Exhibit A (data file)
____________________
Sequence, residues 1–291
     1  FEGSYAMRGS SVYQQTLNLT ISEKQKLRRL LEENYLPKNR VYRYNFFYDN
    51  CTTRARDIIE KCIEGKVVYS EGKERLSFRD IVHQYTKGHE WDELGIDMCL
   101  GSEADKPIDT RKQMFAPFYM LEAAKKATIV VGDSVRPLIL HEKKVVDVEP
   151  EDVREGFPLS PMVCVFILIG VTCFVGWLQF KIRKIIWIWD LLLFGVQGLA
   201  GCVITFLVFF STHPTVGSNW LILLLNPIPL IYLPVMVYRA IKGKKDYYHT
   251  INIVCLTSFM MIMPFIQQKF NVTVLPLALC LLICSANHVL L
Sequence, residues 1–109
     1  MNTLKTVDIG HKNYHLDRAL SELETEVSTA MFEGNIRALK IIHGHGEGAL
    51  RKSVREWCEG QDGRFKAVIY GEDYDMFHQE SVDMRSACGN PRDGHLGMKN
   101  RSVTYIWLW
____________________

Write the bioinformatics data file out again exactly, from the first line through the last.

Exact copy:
Sequence, residues 1–291
     1  FEGSYAMRGS SVYQQTLNLT ISEKQKLRRL LEENYLPKNR VYRYNFFYDN
    51  CTTRARDIIE KCIEGKVVYS EGKERLSFRD IVHQYTKGHE WDELGIDMCL
   101  GSEADKPIDT RKQMFAPFYM LEAAKKATIV VGDSVRPLIL HEKKVVDVEP
   151  EDVREGFPLS PMVCVFILIG VTCFVGWLQF KIRKIIWIWD LLLFGVQGLA
   201  GCVITFLVFF STHPTVGSNW LILLLNPIPL IYLPVMVYRA IKGKKDYYHT
   251  INIVCLTSFM MIMPFIQQKF NVTVLPLALC LLICSANHVL L
Sequence, residues 1–109
     1  MNTLKTVDIG HKNYHLDRAL SELETEVSTA MFEGNIRALK IIHGHGEGAL
    51  RKSVREWCEG QDGRFKAVIY GEDYDMFHQE SVDMRSACGN PRDGHLGMKN
   101  RSVTYIWLW